This is an extract from a discussion paper written by the ANU’s Prof Hank Nelson last year, which did not receive the attention it deserved in the Australia. Email me if you would like to read the complete essay.
There is almost no similarity to, or continuity with, the Chinese in Papua New Guinea now and the Chinese of the 1930s who, even if born in New Guinea, held a certificate of registration of an alien on which the bearer was identified by his thumbprint. The Chinese were then a minority, largely unprotected by a home government, subject to petty discrimination, deliberately avoiding party politics and only entering the public arena to make a general show of being loyal citizens in such events as the Rabaul Empire Day parade.
The Chinese in Papua New Guinea now outnumber Australians by two to one; some are backed by a powerful government in China which is extending its global political and economic reach, and some have connections to other governments in Southeast Asia; they are engaged in billion dollar resource projects; they have joined vigorously in public debate, hiring high competence in public relations, and one of the major resource firms owns a national daily newspaper which is partisan when the interests of any activities of the parent company are an issue; and they have become involved in public decision-making from the highest to the lowest levels….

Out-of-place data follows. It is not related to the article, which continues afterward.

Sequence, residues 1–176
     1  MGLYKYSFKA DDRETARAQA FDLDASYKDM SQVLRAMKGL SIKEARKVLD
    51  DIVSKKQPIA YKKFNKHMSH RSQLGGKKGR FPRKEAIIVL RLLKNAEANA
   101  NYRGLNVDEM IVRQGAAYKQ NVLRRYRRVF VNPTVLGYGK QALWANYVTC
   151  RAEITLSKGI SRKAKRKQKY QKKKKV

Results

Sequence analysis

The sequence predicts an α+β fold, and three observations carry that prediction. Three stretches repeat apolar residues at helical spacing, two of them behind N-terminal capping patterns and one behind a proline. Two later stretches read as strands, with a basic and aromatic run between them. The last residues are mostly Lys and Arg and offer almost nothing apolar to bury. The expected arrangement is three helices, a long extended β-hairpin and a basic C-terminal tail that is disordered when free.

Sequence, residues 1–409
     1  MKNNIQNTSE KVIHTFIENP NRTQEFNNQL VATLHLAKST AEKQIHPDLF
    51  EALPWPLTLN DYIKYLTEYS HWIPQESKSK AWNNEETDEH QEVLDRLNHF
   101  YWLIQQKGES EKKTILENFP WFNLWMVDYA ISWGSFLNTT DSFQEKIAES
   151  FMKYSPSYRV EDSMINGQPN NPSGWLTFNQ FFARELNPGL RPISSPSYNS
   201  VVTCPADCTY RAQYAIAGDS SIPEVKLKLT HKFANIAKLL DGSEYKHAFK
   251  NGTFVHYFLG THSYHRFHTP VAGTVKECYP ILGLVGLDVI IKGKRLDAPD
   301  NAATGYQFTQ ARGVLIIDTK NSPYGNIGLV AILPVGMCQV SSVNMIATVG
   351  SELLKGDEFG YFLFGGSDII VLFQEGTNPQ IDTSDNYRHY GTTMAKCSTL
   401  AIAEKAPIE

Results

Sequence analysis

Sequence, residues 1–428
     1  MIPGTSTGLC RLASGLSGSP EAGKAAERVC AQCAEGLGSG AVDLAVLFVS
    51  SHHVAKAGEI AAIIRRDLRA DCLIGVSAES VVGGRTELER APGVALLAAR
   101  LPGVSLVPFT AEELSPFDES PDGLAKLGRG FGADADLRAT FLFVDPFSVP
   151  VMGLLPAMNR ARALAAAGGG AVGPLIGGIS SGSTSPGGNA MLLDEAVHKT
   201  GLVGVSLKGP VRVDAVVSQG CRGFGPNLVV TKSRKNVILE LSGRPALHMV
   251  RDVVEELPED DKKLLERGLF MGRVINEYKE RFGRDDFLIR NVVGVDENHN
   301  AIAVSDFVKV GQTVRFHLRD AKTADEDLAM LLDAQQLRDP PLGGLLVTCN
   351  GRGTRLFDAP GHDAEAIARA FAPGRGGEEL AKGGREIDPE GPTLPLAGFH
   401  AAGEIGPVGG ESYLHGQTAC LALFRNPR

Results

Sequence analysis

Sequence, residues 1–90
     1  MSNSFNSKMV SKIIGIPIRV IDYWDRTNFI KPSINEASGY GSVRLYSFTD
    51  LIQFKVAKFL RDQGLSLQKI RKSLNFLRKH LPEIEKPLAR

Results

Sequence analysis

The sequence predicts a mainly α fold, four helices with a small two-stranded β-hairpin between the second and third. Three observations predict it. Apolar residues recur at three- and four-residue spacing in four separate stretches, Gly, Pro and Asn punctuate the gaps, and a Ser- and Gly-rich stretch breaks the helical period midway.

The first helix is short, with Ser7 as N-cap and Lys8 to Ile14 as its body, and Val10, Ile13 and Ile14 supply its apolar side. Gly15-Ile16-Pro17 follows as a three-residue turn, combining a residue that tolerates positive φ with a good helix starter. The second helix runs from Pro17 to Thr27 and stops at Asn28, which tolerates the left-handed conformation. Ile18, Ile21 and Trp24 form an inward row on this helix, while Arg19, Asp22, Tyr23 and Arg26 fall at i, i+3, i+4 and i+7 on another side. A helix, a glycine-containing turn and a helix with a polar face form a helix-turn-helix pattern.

Outside commentators have to be careful not to accuse the Chinese of illegal or undesirable actions as though they are the only national group involved. The Chinese stand out because they are new, numerous and involved in the largest and most public ventures, not because they are the most venal. Commentators also have to accept the obvious: the Chinese have every right to pursue national, company and personal goals in Papua New Guinea. Scrutiny of legality, morality and mutual benefit to Papua New Guineans must be applied equally to all foreigners….
Australia continues to speak – and issue reports – as though it is not just the dominant player in the region but virtually the only big player, that this is where the rest of the world expects Australia to have expertise, and where Australia provides most aid, guides development and intervenes at times of natural and man-made disasters.
When Papua New Guineans suggest that they do not want to be beholden to Australians and that there are alternatives, this is scarcely taken seriously in Australia. It should be, and in future it will have to be. Failure to recognize growing Chinese engagement in Papua New Guinea was apparent in recent statements by the Australian government and opposition.
Hank Nelson is an Emeritus Professor and Visiting Fellow of the Division of Pacific and Asian History and Chair of State, Society and Governance in Melanesia at the Australian National University.
Source: Extract from Conclusion to ‘The Chinese in Papua New Guinea’ by Hank Nelson, Discussion Paper 2007/3, Research School of Pacific and Asian Studies, ANU